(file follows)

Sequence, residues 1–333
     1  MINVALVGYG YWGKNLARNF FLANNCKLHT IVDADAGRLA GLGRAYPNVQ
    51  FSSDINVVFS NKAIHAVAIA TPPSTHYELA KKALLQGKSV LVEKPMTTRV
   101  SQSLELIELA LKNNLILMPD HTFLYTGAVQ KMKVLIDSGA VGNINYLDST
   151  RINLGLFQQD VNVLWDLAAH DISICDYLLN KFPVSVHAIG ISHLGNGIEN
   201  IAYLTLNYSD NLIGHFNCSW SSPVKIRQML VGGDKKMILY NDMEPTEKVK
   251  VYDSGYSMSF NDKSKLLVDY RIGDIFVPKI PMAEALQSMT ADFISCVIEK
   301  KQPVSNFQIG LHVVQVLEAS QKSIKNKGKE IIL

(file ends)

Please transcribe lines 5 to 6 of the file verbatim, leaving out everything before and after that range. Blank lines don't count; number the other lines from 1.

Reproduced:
   151  RINLGLFQQD VNVLWDLAAH DISICDYLLN KFPVSVHAIG ISHLGNGIEN
   201  IAYLTLNYSD NLIGHFNCSW SSPVKIRQML VGGDKKMILY NDMEPTEKVK